Polymyalgia rheumatica occurs more commonly in older persons and preferentially affects the proximal muscles with markedly elevated measures of inflammation (erythrocyte sedimentation rate [ESR] and C reactive protein [CRP]) and normal muscle enzymes.2 Patients with hypothyroidism may have elevated creatine kinase (CK) and complain of fatigue. A thyroid profile should be completed in all patients with muscle complaints. Patients with neuromuscular disorders, such as myasthenia gravis, will have normal muscle enzymes with muscle weakness and fatigue later in the day or with prolonged exertion and characteristic patterns on EMG/NCS study.2
Malignancies may initially present with muscle weakness and elevated muscle enzymes. Age and gender-specific cancer screening should be completed or updated in those with a myopathic process.9,10 Patients with idiopathic inflammatory myopathies may have other underlying connective tissue disorders such as scleroderma, anti-synthetase syndrome, or mixed connective tissue disorder that will need to be ruled out when referred to rheumatology.5
It should be understood that benign elevations in muscle enzymes occur. The “normal” values for CK and aldolase are a reference range. There will be outliers that do not signal pathology. Patients with larger muscle mass or those who engage in a regular or strenuous fitness routine may have higher muscle enzymes. A history of use of muscle building supplements should be assessed for, as they can affect muscle enzymes.
Given the autoimmune nature of these diseases, treatment consists of immunosuppression. Initial treatment is almost always prednisone, typically 60 mg daily to start.11 A second immunomodulator is then added and often titrated over weeks to months and serves as a steroid-sparing agent, allowing the steroid to be slowly tapered over time.5,11 Clinicians caring for these patients, in any setting, need to be aware of potential side effects and risks associated with treatment. Concomitant immune deficiencies (HIV) and other underlying infections (hepatitis C) need to be ruled out prior to initiating treatment. Treatment with a steroid can contribute to the development of diabetes, osteoporosis, cataracts, hypertension, obesity, and fragile skin.
Patients should be taught about signs and symptoms of hyperglycemia, and if they are diabetic, primary care providers need to work with rheumatology to adequately control the patients’ elevated blood sugars and similarly be alert for potential hypoglycemia during the tapering of steroids. Vitamin D should be checked and repleted if necessary and regular calcium/vitamin D initiated, along with a bisphosphonate, if not contraindicated. If possible, patients should have vaccinations prior to immunosuppression (ie, influenza, pneumococcal polysaccharide vaccine, shingles). Immunosuppressed patients need to be monitored for infection. The type of immunomodulator will dictate regular toxicity monitoring.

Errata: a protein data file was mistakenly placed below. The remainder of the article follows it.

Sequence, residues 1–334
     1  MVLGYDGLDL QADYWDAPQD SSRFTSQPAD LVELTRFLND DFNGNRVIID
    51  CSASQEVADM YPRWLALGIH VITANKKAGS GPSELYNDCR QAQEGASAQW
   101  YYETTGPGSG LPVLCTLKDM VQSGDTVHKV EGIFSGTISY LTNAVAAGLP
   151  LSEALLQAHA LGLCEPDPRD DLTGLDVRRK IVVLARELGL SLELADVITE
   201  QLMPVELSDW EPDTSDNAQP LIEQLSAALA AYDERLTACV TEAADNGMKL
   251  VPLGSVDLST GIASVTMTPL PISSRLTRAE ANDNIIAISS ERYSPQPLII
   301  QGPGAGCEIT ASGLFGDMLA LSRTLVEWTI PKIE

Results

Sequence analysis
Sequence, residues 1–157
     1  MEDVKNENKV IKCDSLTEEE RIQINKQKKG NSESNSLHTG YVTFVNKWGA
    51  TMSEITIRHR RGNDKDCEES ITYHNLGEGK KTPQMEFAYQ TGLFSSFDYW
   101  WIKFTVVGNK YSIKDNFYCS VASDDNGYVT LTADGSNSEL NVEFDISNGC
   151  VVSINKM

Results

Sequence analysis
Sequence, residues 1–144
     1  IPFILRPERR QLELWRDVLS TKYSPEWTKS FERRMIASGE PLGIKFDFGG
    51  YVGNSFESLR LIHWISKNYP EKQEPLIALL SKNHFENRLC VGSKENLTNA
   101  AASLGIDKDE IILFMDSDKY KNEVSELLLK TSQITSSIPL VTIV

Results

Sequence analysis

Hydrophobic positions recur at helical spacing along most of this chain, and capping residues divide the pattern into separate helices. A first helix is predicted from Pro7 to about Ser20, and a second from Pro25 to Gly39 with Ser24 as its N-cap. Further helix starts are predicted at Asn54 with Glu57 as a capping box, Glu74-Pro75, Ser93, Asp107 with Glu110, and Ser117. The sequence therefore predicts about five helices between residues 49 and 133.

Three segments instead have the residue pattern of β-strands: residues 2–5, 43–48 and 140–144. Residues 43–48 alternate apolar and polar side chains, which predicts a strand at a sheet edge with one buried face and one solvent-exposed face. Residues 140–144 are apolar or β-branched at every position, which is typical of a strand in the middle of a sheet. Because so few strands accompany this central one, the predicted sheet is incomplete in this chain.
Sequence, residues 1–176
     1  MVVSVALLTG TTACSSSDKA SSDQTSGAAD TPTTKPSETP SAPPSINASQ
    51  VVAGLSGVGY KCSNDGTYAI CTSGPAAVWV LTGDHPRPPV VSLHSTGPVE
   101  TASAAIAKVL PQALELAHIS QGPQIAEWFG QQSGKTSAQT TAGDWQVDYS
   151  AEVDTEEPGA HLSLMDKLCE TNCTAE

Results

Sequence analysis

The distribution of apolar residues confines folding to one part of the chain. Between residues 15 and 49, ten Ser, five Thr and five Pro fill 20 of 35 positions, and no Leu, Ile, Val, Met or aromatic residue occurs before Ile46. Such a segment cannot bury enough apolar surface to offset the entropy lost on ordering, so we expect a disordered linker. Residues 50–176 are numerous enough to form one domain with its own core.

Clinicians in all settings are in a position to identify patients with potential myopathic processes and complete an initial diagnostic work-up. In this patient’s case, the initial work-up was in progress when an emergency referral to rheumatology was made. Her evaluation continued, and a treatment plan was outlined and then modified as her clinical condition dictated. The patient in this case was markedly debilitated at her initial presentation to rheumatology. Early identification of these patients has the potential to reduce morbidity and excess disability.
Kathleen Walter, ANP-BC, is affiliated with the Pittsburgh VA Health Care System, Department of Rheumatology.
- Hoogendijk JE, Amato AA, Lecky BR, Choy EH, Lundberg IE, Rose MR, et al. 119th ENMC international workshop: trial design in adult idiopathic inflammatory myopathies, with the exception of inclusion body myositis, 10-12 October 2003, Naarden, The Netherlands. Neuromuscul Disord. 2004;14:337-345.
- Khan S, Christopher-Stine L. Polymyositis, dermatomyositis, and autoimmune necrotizing myopathy: clinical features. Rheum Dis Clin North Am. 2011;37:143-158.
- Wortman RL. Idiopathic inflammatory myopathies: Clinical features. In: Klippel JH, et al, eds. Primer on the rheumatic diseases. 13th ed. New York, NY: Springer; 2008:363-366.
- Stenzel W, Goebel HH, Aronica E. Review: Immune-mediated necrotizing myopathies—a heterogeneous group of diseases with specific myopathological features. Neuropathol Appl Neurobiol. 2012;38:632-646.
- Liang C, Needham M. Necrotizing autoimmune myopathy. Curr Opin Rheumatol. 2011;23:612-619.
- Ellis E, Ann Tan J, Lester S, Tucker G, Blumbergs P, Roberts-Thomson P, et al. Necrotizing myopathy: clinicoserologic associations. Muscle Nerve. 2012;45:189-194.
- Rider LG, Miller FW. Idiopathic inflammatory myopathies: Pathology and pathogenesis. In: Klippel JH, et al, eds. Primer on the rheumatic diseases. 13th ed. New York, NY: Springer; 2008:368-374.
- Baer AN. Metabolic myopathies. In: Klippel JH, et al, eds. Primer on the rheumatic diseases. 13th ed. New York, NY: Springer; 2008:381-388.
- Baer AN. Paraneoplastic muscle disease. Rheum Dis Clin North Am. 2011;37:185-200.
- Vu HJ, Pham D, Makary R, Nguyen T, Shuja, S. Paraneoplatic necrotizing myopathy presenting as severe muscle weakness in a patient with small-cell lung cancer: successful response to chemoradiation therapy. Clin Adv Hematol Oncol. 2011;9: 557-560.
- Oddis CV. Idiopathic inflammatory myopathies: Treatment and assessment. In: Klippel JH, et al, eds. Primer on the rheumatic diseases. 13th ed. New York, NY: Springer; 2008:375-380.